Gaynor interrupts: "Don't worry, I'll take care of that."
Does Martin regret not being in any of the films made of her musical? "Not one bit."
Gaynor intervenes: "But Mary, none of the films were great successes."
Martin thinks a minute and says, "Well, there was the movie version of 'The Sound of Music.'"
"Well," Gaynor continued, "Otherwise, it was a real loss. But I guess you've got your recordings, such as 'South Pacific.' Just as I've got my films."
What brings them to Washington is a ceremony tonight at which they will receive the Brazilian Legion d'Honneur, which is called the National Order of the Southern Cross; this is for "promoting friendship" between the two countries since establishing their "second homes" there in the early '50s. Coincidentally, an exhibit of Gaynor's bright flower paintings will be on view at the Brazilian-American Cultural Institute through next week.
This is the fifth of Gaynor's art exhibitions, all of which have sold out. The first painting to be sold in her latest group went for $1,600 last night. Called "A Sunburst of Color," it was purchased for the embassy's collection. Earlier exhibitions were in New York, Palm Beach, and twice in Chicago.
But what solidified their friendship was 18 years of escaping to their respective retreats not far from what is now Brasilia. It was Gaynor and her husband who first discovered the spot, called Anapolis, on a trip there in 1950.
"We finally located this little spot on the map. Once we got there, we decided we wanted to stay.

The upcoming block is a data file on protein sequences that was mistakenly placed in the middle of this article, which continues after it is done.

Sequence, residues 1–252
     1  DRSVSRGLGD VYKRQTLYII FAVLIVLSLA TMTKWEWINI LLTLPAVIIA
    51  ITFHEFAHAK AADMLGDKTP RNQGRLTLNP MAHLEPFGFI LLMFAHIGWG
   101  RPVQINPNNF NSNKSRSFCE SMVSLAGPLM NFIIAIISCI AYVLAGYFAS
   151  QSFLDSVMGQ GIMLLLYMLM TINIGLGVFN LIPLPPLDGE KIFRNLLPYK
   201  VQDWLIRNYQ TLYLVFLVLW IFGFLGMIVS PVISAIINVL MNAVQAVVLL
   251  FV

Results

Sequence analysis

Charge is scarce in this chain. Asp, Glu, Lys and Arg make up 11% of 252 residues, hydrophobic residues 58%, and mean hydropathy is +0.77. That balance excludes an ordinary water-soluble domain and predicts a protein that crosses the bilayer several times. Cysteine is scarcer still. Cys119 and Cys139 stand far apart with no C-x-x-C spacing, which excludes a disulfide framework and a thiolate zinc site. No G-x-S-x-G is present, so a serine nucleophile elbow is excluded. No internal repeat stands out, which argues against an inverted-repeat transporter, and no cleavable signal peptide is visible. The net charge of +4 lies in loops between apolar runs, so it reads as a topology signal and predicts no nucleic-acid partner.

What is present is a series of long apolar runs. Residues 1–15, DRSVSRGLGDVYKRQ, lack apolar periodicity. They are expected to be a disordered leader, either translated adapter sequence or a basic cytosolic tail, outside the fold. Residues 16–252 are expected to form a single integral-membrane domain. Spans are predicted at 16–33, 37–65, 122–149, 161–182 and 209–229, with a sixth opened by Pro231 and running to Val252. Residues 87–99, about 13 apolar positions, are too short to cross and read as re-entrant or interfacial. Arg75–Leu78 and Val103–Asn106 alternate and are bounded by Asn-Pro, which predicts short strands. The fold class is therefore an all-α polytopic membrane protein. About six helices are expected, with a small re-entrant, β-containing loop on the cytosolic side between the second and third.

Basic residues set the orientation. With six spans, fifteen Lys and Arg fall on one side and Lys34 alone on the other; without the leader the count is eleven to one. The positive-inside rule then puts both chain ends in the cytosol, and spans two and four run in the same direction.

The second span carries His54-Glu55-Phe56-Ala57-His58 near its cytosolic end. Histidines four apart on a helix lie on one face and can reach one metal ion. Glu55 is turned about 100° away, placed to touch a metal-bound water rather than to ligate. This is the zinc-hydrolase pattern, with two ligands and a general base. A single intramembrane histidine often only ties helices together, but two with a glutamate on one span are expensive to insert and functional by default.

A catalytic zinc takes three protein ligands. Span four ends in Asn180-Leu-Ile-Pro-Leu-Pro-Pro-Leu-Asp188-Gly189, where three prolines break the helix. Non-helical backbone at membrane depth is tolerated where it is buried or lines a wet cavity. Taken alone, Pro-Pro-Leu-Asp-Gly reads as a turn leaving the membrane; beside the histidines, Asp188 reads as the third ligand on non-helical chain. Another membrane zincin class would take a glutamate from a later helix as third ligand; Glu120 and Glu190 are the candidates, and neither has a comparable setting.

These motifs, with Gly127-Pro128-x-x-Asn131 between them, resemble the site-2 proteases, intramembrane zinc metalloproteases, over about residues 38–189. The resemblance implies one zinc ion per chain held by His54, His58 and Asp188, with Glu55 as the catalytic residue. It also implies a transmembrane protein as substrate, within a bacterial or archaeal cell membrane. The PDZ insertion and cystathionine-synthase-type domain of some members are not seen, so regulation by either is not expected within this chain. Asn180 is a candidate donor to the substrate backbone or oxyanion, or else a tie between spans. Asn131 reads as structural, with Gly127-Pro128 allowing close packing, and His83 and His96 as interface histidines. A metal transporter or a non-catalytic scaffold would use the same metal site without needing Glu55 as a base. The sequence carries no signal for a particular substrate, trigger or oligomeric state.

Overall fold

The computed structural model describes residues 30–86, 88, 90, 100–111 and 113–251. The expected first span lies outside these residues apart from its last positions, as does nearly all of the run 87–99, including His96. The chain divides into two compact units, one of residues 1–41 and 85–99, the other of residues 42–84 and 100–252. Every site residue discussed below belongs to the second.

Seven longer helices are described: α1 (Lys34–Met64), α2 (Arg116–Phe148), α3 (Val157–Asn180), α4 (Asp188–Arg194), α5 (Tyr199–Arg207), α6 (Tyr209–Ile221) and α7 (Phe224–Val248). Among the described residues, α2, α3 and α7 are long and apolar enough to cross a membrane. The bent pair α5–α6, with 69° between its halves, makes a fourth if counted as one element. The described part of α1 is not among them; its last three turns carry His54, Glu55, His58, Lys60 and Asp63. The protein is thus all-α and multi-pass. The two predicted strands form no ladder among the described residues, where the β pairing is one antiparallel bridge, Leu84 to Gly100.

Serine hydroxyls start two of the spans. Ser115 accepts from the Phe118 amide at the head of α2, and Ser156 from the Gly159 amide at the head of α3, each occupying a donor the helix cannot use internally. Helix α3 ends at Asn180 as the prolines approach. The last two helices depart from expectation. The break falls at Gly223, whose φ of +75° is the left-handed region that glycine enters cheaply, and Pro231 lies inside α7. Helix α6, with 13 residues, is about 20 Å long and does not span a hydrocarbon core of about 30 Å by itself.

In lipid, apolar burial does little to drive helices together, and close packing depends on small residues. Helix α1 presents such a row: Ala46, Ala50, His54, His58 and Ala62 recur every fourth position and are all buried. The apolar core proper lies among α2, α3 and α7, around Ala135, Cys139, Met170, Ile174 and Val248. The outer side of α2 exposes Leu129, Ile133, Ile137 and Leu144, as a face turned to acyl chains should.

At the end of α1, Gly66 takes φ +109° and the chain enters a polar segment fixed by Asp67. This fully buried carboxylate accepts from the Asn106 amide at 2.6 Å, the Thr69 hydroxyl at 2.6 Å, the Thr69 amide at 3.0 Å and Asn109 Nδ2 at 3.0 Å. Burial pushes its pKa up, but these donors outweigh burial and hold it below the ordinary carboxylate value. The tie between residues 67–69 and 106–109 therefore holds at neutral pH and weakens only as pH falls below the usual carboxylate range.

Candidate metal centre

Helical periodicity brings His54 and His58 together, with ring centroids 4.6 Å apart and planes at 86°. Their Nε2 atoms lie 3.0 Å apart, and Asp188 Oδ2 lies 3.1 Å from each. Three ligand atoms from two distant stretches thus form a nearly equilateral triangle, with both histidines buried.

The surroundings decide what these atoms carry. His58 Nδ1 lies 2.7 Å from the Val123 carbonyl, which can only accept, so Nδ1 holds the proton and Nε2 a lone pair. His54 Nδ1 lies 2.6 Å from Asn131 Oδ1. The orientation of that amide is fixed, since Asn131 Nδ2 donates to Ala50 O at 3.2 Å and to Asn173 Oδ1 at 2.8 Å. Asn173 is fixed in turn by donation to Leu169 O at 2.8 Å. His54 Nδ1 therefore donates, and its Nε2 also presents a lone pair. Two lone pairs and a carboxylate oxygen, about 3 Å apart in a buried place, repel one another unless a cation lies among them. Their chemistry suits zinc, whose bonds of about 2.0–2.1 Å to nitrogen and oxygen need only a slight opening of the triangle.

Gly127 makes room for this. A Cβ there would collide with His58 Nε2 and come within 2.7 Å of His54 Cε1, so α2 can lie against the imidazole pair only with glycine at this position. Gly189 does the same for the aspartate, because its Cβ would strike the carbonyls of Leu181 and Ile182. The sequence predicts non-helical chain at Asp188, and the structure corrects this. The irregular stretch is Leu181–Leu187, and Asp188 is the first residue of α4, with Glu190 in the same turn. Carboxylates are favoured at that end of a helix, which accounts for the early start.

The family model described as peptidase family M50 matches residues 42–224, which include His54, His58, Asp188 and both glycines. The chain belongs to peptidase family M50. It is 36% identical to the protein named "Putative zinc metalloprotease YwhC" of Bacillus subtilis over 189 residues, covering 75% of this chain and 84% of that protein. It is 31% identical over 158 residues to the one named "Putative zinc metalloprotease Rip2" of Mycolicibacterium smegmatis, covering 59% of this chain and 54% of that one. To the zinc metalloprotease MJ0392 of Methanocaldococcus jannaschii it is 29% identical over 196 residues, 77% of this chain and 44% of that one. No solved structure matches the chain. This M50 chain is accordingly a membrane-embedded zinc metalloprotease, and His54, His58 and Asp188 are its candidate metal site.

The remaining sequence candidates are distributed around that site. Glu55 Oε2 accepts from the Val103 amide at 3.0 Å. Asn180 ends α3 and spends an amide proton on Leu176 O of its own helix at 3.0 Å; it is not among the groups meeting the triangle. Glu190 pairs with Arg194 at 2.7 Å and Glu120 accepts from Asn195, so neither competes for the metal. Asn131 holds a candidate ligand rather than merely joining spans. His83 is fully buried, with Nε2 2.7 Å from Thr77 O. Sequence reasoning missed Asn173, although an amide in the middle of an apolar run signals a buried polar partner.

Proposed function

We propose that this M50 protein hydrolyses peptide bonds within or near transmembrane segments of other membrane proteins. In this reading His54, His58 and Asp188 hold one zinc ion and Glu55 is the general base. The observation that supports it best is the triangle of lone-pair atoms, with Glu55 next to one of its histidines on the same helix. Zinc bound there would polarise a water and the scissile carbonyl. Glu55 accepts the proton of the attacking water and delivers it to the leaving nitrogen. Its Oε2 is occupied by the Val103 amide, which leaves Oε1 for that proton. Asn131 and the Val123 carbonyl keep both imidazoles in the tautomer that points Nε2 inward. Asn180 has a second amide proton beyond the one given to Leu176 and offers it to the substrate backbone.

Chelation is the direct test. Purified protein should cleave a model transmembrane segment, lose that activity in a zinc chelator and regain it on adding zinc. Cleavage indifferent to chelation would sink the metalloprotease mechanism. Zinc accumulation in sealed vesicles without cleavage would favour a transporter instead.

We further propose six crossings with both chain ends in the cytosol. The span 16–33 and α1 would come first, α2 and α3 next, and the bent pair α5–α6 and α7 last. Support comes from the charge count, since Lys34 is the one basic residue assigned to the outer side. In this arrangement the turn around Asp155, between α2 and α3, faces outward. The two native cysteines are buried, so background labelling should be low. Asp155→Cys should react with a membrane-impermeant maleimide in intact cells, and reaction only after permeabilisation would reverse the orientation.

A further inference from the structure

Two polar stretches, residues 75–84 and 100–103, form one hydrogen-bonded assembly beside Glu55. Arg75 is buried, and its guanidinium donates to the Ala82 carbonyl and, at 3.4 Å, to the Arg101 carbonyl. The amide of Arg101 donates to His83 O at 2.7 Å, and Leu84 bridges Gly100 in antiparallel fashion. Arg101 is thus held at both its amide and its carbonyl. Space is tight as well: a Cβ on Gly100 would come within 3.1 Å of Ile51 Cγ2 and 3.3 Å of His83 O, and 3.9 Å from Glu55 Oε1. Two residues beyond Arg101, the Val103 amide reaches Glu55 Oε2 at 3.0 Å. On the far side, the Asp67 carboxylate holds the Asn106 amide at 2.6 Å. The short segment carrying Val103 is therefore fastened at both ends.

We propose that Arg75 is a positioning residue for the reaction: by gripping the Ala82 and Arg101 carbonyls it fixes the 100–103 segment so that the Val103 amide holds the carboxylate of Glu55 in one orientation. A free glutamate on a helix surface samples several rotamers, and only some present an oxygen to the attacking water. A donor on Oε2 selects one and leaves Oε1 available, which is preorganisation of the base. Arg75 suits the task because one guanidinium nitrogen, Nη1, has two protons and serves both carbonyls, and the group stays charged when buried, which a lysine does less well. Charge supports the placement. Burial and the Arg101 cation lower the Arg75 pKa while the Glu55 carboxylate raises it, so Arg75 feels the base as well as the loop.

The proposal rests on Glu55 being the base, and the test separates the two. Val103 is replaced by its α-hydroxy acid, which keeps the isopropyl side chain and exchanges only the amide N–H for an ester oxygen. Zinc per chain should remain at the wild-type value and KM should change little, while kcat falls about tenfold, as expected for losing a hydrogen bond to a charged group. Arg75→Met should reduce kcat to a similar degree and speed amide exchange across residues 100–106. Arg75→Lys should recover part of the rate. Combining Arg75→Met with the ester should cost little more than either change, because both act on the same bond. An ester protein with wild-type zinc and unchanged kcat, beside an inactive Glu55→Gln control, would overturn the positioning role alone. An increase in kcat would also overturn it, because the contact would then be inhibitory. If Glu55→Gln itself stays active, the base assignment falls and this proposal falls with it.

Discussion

"Adrian designed a large Moorish house that Martin calls "the most beautiful I've ever seen."
Martin continues the story: "Soon after, Richard and I were looking for a break after 'Peter Pan' so we ended up taking a freighter to South America.
"We didn't even know they were in Brazil at the time, but Janet got a clip in the mail about it from Hedda Hopper's column, and when we docked in Santos, Brazil, a lady came to the ship with a letter in her hand asking, "Are you Mary Martin and Richard Halliday?" and she had an invitation from Janet and Adrian.
"We had virtually no time, and we had to go 500 miles each way just to get there. Janet, I remember the furniture was just arriving and we had dinner on the king-sized bed. Then we sat up al night and talked. And as we left Richard pointed to another building and said, 'If that house is ever for sale I want it.'"
The Hallidays had their Brazilian farm within a year. Gaynor recalls, "For much of the time we had nobody to visit except each other. We would send formal invitations to each other and dress for dinner.
"At first there were six gates that had to be opened between the houses - before we put in cattleguards. And, Mary always had to get out to open them.
"And, Mary, do you remember the time it rained when you were coming to our place, and when you got out each time you had to take off that chiffon dress and open the gates in your slip?"
"Janet," Martin retorts, "I'm not even sure it was as much as a slip."
Both still own their Brazilian farms. Martin returns each year, but the last time Gaynor was there was 6 years ago, when she stayed with Martin.
They are asked, now that Martin has returned to the cameras, if they might not do something together.
"Well," replies Martin, "it just happens that I finally got up the nerve to ask that myself on the plane yesterday. But I'm still waiting for an answer."
Gaynor just smiles. For the first time in the conversation she doesn't have a rejoinder. CAPTION: Picture, Mary Martin, left, and Janet Gaynor, by Larry Morris - The Washington Post